This not-so-great photo was taken the last time I saw Tarah Schwartz. It was June 13, at CTV Montreal’s “upfront” presentation of its fall programming to local advertisers. Most of the on-air talent was invited to attend so they could be shown off and shmooze with the people who have big bucks to spend.
It was an emotional time for Schwartz. She was going on leave, and within days was heading to South Korea to finalize the adoption of a young boy. Her colleagues all knew about what she was doing, but it was discussed in hushed tones, not because there was anything embarrassing about the adoption itself, but because nobody wanted to jinx the process by making it public. Schwartz, who had been trying to adopt for years, knew full well nothing was certain until she returned to Montreal with a baby in her arms.
As she left the theatre, everyone wished her luck. And my slow draw with the camera prevented me from getting a picture of her unable to hold back tears. (It was probably for the best.)
I spent part of the evening interviewing Caroline van Vlaardingen, who would fill in for Schwartz during her leave. Schwartz left without any fanfare, and the public started wondering where she disappeared to. (If you go on Google and type in her name, the first suggestion is “Tarah Schwartz leaving CTV”.)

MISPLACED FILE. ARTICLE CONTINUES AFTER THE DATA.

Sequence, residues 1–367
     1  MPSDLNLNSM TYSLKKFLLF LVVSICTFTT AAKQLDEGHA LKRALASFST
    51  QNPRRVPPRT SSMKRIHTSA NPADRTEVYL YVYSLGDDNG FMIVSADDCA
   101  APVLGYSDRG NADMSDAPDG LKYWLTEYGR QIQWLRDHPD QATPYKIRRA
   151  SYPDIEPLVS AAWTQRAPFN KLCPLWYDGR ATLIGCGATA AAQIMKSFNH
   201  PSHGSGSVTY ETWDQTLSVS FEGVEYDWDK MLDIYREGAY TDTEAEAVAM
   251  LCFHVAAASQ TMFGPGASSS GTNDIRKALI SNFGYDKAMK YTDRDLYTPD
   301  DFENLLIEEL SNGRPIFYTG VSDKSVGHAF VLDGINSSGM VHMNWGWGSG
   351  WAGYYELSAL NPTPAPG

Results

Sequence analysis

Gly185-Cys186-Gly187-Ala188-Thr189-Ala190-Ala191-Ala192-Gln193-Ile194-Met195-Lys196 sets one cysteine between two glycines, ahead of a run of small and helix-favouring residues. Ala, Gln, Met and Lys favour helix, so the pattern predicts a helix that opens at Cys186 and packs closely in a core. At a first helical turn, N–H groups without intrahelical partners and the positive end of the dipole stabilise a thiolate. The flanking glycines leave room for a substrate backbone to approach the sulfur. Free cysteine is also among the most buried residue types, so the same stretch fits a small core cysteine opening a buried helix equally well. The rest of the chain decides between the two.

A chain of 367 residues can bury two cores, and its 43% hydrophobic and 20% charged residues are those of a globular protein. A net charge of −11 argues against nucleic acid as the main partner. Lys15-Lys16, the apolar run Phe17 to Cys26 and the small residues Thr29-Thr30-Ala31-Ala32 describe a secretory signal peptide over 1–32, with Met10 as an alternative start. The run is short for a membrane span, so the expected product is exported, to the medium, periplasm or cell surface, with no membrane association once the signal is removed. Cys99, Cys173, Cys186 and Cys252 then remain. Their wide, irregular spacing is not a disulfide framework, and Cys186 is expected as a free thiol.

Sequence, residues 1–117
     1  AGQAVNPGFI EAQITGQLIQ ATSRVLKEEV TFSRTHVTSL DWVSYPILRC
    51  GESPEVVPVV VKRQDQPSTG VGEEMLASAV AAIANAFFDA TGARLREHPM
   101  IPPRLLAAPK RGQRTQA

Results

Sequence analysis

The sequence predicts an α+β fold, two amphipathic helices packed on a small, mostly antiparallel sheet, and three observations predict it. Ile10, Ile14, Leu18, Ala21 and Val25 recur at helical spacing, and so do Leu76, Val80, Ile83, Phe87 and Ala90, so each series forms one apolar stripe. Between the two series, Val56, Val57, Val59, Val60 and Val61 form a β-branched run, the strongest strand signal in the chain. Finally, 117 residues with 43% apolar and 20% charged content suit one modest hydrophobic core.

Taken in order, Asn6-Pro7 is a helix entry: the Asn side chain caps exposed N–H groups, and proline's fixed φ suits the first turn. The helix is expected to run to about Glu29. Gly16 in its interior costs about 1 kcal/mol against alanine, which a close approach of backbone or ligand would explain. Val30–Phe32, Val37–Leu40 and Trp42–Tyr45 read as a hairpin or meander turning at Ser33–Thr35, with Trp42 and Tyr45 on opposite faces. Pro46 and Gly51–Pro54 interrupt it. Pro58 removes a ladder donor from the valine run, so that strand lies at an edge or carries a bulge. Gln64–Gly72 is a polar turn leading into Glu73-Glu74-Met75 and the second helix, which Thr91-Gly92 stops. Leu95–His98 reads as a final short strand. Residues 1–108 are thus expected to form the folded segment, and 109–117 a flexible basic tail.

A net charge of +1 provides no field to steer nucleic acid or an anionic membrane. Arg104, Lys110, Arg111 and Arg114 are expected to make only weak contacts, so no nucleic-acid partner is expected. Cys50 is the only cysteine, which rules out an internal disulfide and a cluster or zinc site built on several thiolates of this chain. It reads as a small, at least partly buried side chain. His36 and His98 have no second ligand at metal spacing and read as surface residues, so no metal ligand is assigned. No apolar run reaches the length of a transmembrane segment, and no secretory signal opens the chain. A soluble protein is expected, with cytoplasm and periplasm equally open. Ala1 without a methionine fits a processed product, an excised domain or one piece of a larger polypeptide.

Fortunately for everyone, the story has a very happy ending. On Aug. 25, the local newscast ended with the news that Tarah Schwartz and her husband Enrico are officially parents.
And as she enters the final month of her maternity leave, Schwartz opens up about the process in a first-person story published in Saturday’s Gazette. It hints at past heartbreak, it talks about the complicated legal process, and it explores the emotions that a would-be adoptive parent goes through, both before and after the adoption. It’s a story foremost about waiting, powerless, knowing that your child is out there, living precious moments of the beginning of his life with some other family. And about the feeling when that long agonizing wait is finally over.
It’s a story about becoming a mom. It is a story that is commonplace, but no less special.
Mazel tov, Tarah. It’s a boy! Now all you have to do is wait for a public daycare space to open up.
Schwartz will be back on the anchor desk on Feb. 8.